Iqaluit city council candidates discuss priorities at all-candidates forum
Out of 29 contenders, 13 were able to attend
Iqalungmiut vying for a seat on city council had the chance to pitch their platforms at an all-candidates forum held by the Iqaluit Chamber of Commerce on Thursday, Oct. 10.
Both candidates for mayor, Kenneth Bell and Noah Papatsie, attended the forum. The event was moderated by Terry Dobbin and Catherine Martin.
Eleven out of 27 candidates competing for eight seats on city council attended the forum, which took place at Inuksuk High School.
Candidates presented their ideas to an audience that filled about half the seats in the high school’s auditorium.
The first question of the evening asked candidates to explain their top priorities for city council.
On this, most candidates seemed to agree the city’s water supply was most important.
Others cited quality of life, infrastructure and housing as the city’s top issues.
Candidates were also asked to explain how they would make sure the city is financially stable. Many cited the 2014 dump fire in Iqaluit and the debt the city took on for years to follow.
When asked about their plans for waste management in the city, candidates discussed the possibility of compost and recycling systems.
Candidates did not explain how they would implement such initiatives.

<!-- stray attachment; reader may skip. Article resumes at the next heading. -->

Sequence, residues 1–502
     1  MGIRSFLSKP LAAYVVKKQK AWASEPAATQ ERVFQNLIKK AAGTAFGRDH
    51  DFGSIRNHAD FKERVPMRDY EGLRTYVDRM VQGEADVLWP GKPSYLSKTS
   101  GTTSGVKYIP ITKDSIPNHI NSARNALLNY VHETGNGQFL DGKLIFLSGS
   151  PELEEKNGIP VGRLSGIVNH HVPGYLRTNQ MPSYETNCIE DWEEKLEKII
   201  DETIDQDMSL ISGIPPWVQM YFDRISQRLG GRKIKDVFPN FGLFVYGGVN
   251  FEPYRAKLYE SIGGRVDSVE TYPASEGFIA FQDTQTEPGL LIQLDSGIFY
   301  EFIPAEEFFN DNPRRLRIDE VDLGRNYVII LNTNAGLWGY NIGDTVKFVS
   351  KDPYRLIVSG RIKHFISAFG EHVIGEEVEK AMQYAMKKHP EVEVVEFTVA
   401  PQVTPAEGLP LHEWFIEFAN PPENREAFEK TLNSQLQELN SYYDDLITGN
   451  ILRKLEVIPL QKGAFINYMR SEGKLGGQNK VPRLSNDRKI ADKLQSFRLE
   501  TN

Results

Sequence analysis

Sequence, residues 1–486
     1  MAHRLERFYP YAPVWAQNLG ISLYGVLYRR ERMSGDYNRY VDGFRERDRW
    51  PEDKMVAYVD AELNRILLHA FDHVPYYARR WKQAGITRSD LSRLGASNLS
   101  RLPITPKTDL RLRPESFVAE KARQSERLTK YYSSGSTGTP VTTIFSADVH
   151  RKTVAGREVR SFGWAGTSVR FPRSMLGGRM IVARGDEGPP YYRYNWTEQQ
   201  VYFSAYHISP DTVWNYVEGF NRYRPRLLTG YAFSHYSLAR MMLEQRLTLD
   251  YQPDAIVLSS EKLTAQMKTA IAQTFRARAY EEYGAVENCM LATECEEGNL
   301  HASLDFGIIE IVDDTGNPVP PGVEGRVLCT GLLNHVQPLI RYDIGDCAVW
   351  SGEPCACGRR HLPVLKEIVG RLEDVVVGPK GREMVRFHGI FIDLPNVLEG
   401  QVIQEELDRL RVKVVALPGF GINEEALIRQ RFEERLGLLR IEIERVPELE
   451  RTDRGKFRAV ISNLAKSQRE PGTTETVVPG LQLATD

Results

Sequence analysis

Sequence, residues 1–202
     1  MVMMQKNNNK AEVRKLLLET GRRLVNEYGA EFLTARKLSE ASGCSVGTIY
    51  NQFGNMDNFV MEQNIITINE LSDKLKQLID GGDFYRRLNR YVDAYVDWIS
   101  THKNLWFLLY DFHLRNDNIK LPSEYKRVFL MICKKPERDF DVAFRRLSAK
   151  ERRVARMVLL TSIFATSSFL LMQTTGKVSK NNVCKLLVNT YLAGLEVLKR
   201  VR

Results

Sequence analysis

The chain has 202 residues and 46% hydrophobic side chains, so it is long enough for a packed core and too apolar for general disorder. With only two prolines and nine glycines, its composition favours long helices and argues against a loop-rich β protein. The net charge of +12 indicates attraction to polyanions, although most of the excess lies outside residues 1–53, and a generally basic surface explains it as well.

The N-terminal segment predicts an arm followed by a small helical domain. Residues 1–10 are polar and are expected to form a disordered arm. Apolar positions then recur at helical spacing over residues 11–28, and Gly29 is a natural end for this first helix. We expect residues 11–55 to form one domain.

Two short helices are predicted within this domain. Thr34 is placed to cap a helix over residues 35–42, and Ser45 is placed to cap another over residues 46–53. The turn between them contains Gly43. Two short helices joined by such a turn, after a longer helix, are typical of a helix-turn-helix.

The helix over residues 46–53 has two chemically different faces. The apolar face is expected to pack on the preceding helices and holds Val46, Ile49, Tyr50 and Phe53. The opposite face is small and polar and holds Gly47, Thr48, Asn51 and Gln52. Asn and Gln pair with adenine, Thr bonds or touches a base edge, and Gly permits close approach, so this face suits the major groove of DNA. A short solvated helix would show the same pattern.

Read a quote from each candidate who attended the forum below.
Although the audience did not get a chance to ask questions during the forum itself, residents were invited to submit questions to the Chamber of Commerce before the event.
Karen Petkau, an Iqaluit resident of seven years, said the forum was helpful to see what each candidate had to say, but she would have liked to see more discussion about the role of city councillors.
“It was good to get an overview of all the candidates. My question to the potential councillors would have been, what do they see as their job?” Petkau said.
“What actually stood out for me is how few Inuit are on stage,” she added.
Thuliani Antoni, an Iqaluit resident of four years, said the forum helped him decide on at least three candidates he now plans to vote for.
“Everybody agreed there was a water problem. I can see a lot of collaboration among them once they’re elected,” Antoni said.
“It’s a really hard decision.”
Municipal elections will be held in Iqaluit and across the territory on Oct. 28.